About Bearded Collie
Great Scot! The Bearded Collie is one of Scotland furriest and loyal imports. Cheerful and happy-go-lucky, the Beardie, as this breed is affectionately called, is affectionate, playful and lively. A wonderful playmate for children and a friend for life, the Bearded Collie loves to be near its family. Smart, strong and focused, this breed is still a staple on Great Britain farms as it puts in a solid day’s work and never complains (he works for treats and belly rubs!).
One of the things you’ll notice about the Beardie is that it has a bounce in its step, which can no doubt be attributed to its exuberant and high-energy personality. But even though this dog is bubbly and boisterous, it can also be stubborn and strong-willed as well. Read on to learn if the Bearded Collie is the right fit for your lifestyle.
Cheerful and happy-go-lucky, the Beardie, as this breed is affectionately called, is affectionate, playful and lively.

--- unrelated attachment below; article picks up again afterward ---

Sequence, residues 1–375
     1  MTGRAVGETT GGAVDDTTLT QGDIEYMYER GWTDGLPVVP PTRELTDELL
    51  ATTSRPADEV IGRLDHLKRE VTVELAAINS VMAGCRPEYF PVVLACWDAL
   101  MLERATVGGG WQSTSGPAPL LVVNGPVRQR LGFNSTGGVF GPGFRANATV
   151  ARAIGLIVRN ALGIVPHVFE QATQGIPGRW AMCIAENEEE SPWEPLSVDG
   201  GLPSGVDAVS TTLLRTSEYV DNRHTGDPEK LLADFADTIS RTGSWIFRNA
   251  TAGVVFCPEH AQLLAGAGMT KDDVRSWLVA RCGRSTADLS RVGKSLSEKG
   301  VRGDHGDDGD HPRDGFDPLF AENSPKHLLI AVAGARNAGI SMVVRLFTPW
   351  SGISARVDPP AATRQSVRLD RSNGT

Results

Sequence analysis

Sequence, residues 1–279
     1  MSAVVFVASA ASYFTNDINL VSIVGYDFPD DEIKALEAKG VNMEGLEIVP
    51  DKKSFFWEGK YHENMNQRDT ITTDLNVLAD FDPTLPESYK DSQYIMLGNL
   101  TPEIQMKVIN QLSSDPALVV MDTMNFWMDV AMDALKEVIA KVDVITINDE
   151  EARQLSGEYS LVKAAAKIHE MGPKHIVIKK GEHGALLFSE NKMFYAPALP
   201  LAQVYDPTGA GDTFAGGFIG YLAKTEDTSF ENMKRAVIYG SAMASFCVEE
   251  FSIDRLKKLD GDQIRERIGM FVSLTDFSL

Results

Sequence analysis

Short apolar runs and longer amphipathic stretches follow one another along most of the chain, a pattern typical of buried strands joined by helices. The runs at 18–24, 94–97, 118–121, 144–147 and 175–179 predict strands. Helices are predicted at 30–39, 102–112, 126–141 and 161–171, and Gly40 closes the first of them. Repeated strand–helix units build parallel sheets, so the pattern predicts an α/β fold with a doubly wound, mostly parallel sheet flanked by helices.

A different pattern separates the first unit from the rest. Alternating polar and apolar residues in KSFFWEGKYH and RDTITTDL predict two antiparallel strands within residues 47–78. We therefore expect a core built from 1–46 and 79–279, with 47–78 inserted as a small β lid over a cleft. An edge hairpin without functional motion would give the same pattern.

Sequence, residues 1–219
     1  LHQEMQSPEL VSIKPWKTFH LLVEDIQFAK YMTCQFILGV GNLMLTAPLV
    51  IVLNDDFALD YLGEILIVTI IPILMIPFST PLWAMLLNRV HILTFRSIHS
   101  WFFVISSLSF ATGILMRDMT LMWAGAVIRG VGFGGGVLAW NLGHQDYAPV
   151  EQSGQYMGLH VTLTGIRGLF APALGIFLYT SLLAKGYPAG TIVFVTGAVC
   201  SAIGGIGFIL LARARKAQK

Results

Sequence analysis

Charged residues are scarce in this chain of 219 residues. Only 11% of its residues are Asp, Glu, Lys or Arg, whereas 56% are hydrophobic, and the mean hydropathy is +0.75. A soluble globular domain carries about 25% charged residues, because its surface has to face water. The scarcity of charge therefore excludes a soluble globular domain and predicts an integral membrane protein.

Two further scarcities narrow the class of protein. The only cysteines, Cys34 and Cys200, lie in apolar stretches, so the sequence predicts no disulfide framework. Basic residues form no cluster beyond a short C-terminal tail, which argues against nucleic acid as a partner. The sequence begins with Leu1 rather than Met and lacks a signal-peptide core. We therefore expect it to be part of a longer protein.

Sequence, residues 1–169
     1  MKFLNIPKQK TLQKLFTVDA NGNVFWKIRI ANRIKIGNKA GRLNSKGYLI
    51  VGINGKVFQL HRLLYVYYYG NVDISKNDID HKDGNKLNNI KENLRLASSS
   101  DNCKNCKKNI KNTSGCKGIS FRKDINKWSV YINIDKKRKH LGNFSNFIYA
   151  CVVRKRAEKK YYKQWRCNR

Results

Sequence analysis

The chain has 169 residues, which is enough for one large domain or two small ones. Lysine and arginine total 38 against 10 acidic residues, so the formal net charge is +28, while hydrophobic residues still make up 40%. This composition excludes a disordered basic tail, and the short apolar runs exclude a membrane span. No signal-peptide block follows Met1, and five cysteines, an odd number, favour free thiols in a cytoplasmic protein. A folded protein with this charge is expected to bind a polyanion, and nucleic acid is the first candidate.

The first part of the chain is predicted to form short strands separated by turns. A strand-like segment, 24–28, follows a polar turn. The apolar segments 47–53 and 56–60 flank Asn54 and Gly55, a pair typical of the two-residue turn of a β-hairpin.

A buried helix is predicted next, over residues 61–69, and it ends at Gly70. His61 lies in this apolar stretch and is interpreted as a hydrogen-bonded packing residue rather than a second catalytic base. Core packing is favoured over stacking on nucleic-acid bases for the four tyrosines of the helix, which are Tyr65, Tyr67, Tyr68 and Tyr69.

One of Britain’s oldest dog breeds, the Bearded Collie became popular in Scotland at the end of the Victorian era. Valued as both working and competition show dogs, the Beardie was also known as the Highland Collie, the Hairy Mou’ed Collie, the Mountain Collie and the Hairy Mountain Dog.
It’s hard to trace the Bearded Collie’s roots, but photographs date the breed back to the 1770s. Experts argue about the linage of the Beardie. Some say it’s the result of breeding the Scotch Collie and the Bobtail, or Old English Sheepdog. Others say this dog is a cross between the Polish Lowland Sheepdog and Old Welsh Grey. Another school of thought believes the Bearded Collie came from the Icelandic Dog or the Polski Owczarek Nizzinny.
Food / Diet
If you’re feeding your Bearded Collie a store-bought dry kibble, always go for a high-quality brand or food. If you are making the food yourself, be careful of adding too much protein. This can cause allergic symptoms. The proper amount should fall between 18 and 25 percent protein. Be aware of other ingredients in your dog food of choice. Avoid wheat, soybean and preservatives, and never feed your dog table scrapes.
A wonderful playmate for children and a friend for life, the Bearded Collie loves to be near its family.